chessknight
Limit Hold'em:
1. Longhand Limit
2. Shorthand Limit
3. Adv. Shorthand

No-Limit Hold'em:
1. Intro to NL
2. Advanced NL
3. Who Pays Off
4. Stack Sizes
5. Double Hold'em

Omaha:
1. Intro to Omaha
2. Low Limit Omaha
3. Intro to PLO
4. Omaha Hi/Lo

Tournaments:
1. Tourney Overview
2. Single-Table NL
3. Advanced NL STTs
4. Multi-Table NL
5. Multi-Table Limit
6. Tourney Variants
7. Knockout Tourneys
8. Ante Up Tourneys

Money Management:
1. Moving Limits
2. When to Quit
3. Short/Long Run

Other:
1. Intermediate Mistakes
2. Utilizing Promotions

In other languages:



Quitting for the Day
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Even if you are the best poker player in the world, you will have some losing days. Knowing when to just call it quits for the session will do you a world of good for your bankroll. If you play limit poker, it is wise to quit if you have a swing of 40 big bets or more either way. Forty big bets at limit is a lot (especially longhand), so having swings more than this may drive you insane. The only reason to break the 40-big-bet rule is if the game you are in is really good.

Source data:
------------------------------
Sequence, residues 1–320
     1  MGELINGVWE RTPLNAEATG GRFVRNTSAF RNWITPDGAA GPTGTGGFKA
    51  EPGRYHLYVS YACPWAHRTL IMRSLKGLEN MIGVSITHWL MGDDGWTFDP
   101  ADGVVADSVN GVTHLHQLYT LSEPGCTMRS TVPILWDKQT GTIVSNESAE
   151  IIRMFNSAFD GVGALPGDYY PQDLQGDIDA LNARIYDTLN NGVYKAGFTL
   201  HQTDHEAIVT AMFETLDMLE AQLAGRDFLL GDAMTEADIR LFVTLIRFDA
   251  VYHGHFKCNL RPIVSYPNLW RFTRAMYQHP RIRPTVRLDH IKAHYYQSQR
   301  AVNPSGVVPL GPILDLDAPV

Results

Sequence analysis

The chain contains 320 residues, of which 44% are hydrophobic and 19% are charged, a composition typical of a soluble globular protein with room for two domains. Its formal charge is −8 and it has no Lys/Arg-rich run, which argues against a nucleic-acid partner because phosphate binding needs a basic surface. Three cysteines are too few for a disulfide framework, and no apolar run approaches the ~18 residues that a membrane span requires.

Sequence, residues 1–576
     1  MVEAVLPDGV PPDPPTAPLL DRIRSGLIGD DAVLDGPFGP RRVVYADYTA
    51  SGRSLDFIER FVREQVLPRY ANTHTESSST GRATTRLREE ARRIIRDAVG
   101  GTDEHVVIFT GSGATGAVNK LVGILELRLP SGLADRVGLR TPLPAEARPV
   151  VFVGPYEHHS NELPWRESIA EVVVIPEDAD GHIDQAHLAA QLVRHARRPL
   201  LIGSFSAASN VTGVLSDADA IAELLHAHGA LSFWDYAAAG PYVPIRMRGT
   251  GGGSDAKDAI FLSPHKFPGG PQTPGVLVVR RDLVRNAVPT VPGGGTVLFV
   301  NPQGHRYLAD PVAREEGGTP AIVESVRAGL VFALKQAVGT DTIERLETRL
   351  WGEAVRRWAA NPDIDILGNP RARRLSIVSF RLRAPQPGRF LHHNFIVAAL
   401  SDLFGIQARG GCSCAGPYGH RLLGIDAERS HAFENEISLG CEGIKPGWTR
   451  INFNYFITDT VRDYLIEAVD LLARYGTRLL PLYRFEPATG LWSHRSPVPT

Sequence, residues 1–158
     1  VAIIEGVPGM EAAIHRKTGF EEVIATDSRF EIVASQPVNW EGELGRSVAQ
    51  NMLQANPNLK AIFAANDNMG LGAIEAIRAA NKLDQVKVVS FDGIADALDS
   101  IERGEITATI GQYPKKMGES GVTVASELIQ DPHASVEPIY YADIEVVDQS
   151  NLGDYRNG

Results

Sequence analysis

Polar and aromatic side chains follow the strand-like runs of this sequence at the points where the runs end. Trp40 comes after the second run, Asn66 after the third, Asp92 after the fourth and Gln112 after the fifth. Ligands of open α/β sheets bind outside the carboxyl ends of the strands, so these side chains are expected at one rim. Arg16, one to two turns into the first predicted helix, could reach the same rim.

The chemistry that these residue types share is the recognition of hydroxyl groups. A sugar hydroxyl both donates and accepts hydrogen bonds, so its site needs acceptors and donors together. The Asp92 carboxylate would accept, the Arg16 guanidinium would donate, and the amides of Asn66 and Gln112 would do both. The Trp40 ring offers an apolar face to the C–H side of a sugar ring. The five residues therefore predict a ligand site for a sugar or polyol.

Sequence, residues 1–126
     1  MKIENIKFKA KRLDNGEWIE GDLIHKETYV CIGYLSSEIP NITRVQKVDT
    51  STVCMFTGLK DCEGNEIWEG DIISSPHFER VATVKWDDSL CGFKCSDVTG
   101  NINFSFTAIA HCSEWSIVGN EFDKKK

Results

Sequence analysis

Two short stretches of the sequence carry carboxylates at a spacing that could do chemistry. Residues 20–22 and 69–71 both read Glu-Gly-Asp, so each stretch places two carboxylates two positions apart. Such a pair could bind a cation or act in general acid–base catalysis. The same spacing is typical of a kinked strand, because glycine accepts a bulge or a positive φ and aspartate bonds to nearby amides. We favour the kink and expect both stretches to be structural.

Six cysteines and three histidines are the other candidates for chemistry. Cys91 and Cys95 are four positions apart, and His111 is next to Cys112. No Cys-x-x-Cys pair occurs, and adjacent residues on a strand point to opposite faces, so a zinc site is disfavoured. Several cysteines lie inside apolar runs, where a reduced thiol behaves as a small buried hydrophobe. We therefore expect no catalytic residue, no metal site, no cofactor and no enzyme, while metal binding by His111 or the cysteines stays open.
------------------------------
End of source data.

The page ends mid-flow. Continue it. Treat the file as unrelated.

Fundamentally though, you should quit because you are tilting, you have played a lot already and risk being tired, or you just have other things to do.

Here are some signs that you may be tilting:

1. You always think your opponents are bluffing.
2. You really want to break even for the day.
3. You want to get back into the action as soon as possible.


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Here are some signs that you may have just played too much poker:

1. You are falling asleep at the table.
2. You have played more than ten hours for the day. (Never play more than ten hours at any one time. It is better to play many short or medium sessions than a few long ones.)
3. You find it harder to pay attention to your opponents.

Next Article: Short Run vs. Long Run
 


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